Monday, August 13, 2012

Movie Review: "The Campaign" by David Pretty

The Campaign arrives at rather opportune time.  Ninety percent of Americans disapprove of the job that Congress is doing.  We're smack-dab in the middle of a federal election which looks to pit a centrist sitting President paralyzed by Republican sour grapes versus an obscenely wealthy corporate shill who's willing to say or do anything in order to win.  Negative campaign ads are flying like spitballs in Grade Eight English class.

Although The Campaign is timely it's neither as clever nor as creatively weird as the reality it's trying to parody.  What could have been a viciously funny, sharp critique of the U.S. political system ends up being a series of increasingly wacky escalating hi-jinx that make you feel like you're watching a sitcom.

Not only does the film's trailer hint at these flaws but interestingly enough, it has a slew of footage which doesn't even appear in the final film.


Will Ferrell plays Camden "Cam" Brady, a shiftless, unethical, barely-conscious philandering lout who's return ticket to Congress gets renewed every year by virtue of running unopposed.  When the rich, opportunistic Motch Brothers (played by Dan Aykroyd and John Lithgow) are doubtful that the scandal-ridden Brady can fulfill their goal of establishing a Chinese-style sweatshop in the middle of North Carolina, they decide to assemble their own candidate from scratch.

Their patsy comes in the form of Martin "Marty" Huggins (Zach Galifianakis), a woefully unstylish, decidedly effeminate tourism director.  Thinking that he's just been tapped to do some good for his home district, Marty agrees to run against the entrenched incumbent.  

At first, the sweet and naive Marty gets chewed up by Cam in their first few encounters.  To improve his son's odds, wealthy industrialist Raymond Huggins (Brian Cox) retains the ruthless and laconic services of campaign strategist Tim Wattley (Dylan McDermott).  Between his fraudulent metamorphosis and the rigors of dirty politics, Marty's wide-eyed innocence begins to fade, putting a strain on his marriage to the equally buttoned-down Mitzi (Sarah Baker).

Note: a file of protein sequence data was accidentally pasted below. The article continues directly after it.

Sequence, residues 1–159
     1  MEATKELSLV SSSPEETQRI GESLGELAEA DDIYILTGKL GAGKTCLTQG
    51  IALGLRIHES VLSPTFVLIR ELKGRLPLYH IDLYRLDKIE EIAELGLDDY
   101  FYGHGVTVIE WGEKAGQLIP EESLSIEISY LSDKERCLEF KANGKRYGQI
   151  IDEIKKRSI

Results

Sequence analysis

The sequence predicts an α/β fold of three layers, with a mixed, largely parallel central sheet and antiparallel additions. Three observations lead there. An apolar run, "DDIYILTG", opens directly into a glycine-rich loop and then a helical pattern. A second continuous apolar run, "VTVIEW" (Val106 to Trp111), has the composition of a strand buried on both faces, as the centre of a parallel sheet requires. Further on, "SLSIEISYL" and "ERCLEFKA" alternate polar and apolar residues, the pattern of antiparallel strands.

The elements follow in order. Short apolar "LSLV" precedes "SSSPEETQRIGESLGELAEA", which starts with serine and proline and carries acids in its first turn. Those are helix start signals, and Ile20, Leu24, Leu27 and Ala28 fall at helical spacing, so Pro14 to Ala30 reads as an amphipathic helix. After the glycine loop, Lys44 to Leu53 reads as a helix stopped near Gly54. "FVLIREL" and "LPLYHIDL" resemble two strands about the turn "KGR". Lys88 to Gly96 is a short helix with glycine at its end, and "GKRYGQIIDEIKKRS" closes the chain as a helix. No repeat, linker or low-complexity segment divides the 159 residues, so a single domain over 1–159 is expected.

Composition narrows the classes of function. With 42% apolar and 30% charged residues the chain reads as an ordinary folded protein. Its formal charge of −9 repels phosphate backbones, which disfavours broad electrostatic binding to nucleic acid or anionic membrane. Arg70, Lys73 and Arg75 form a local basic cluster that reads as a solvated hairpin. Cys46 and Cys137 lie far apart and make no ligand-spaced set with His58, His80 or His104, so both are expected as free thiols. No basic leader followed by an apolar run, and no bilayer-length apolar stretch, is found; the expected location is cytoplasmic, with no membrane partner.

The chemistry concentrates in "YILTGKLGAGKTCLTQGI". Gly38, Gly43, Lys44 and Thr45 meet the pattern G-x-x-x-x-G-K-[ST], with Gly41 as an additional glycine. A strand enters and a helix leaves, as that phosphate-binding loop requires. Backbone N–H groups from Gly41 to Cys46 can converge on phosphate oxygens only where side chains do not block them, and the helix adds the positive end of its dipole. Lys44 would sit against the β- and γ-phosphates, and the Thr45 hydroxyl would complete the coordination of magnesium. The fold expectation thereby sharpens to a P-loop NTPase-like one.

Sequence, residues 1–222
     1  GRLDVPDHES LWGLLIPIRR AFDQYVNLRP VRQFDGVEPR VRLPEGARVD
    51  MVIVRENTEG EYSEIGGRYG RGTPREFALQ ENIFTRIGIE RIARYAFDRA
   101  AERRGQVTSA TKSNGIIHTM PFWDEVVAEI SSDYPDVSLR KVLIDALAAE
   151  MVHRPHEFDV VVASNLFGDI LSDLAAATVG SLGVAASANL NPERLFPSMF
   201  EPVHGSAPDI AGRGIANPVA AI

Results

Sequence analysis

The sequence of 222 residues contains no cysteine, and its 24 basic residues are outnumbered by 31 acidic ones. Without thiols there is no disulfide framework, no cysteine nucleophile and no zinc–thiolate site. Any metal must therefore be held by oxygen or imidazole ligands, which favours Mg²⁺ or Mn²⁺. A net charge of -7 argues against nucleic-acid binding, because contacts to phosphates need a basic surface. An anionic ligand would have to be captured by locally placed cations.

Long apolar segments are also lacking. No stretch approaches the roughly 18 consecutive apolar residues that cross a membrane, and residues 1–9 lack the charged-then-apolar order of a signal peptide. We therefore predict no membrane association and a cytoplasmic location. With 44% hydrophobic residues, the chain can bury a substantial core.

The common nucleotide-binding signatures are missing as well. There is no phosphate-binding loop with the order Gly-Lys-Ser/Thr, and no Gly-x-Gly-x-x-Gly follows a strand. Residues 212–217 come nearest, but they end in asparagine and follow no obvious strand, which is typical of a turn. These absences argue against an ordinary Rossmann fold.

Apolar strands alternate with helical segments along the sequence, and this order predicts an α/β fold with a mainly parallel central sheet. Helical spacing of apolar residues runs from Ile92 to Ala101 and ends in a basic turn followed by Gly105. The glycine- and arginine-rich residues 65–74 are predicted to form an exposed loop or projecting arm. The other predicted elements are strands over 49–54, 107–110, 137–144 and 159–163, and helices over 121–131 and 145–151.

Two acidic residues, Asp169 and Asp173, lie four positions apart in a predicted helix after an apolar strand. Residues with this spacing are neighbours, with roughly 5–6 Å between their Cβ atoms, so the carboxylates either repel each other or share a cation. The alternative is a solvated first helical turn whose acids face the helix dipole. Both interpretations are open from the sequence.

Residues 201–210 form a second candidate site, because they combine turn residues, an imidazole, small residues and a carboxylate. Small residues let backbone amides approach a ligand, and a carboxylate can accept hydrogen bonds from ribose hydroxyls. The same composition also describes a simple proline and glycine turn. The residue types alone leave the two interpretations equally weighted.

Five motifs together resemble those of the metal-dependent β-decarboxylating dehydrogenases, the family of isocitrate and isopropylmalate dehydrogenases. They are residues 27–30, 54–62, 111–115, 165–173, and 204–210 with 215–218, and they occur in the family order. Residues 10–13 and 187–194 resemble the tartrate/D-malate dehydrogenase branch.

As one might expect, the campaign quickly becomes contentious.  At an early "civility luncheon", Cam blindsides Marty with incriminating photos of his "Chinese" pets as well as his work-out routine at Curves.  Marty fires back by challenging Cam's religious faith and waving around a "Communist Manifesto" that his opponent wrote when he was eight years old.  Cam turns around and accuses Marty's facial hair of being an Al-Qaeda sympathizer.    

Which brings me to the main problem with the film.  Although some of the initial gaffes and ridiculous charges are funny and have real-world precedents, the script escalates things to such ludicrous heights that both candidate would have been politically ruined if not thrown in jail.  Trust me when I say this, there's plenty of real-life political fodder which is a helluva lot more original, funny and believable then what we see here.  

But I don't want to take anything away from the exceptional cast.  Although Will Ferrell is essentially doing his Dubya-by-way-of-Clinton routine, he's certainly captured the perfect alchemy of pompous boobery and corn-pone hucksterism.  I especially loved watching him unravel in tandem with his campaign.  Confronted with "opposition" for the first time ever, Cam beings to crack up and at one point launches into a glorious tirade which culminates in him essentially speaking in tongues. 

I've always been a fan of the off-kilter humor of Zach Galifianakis (witness his brilliant turn as 1700's stand-up Nathaniel Buckner in The Comedians of Comedy).  Here he manages to bring a very funny and wildly original role to life.  Despite all of his peccadilloes, Marty Huggins still seems like the real quintessential American to me: horribly conflicted, repressed and mired in self-guilt.  I just wish the script was on the same level as Zach's efforts.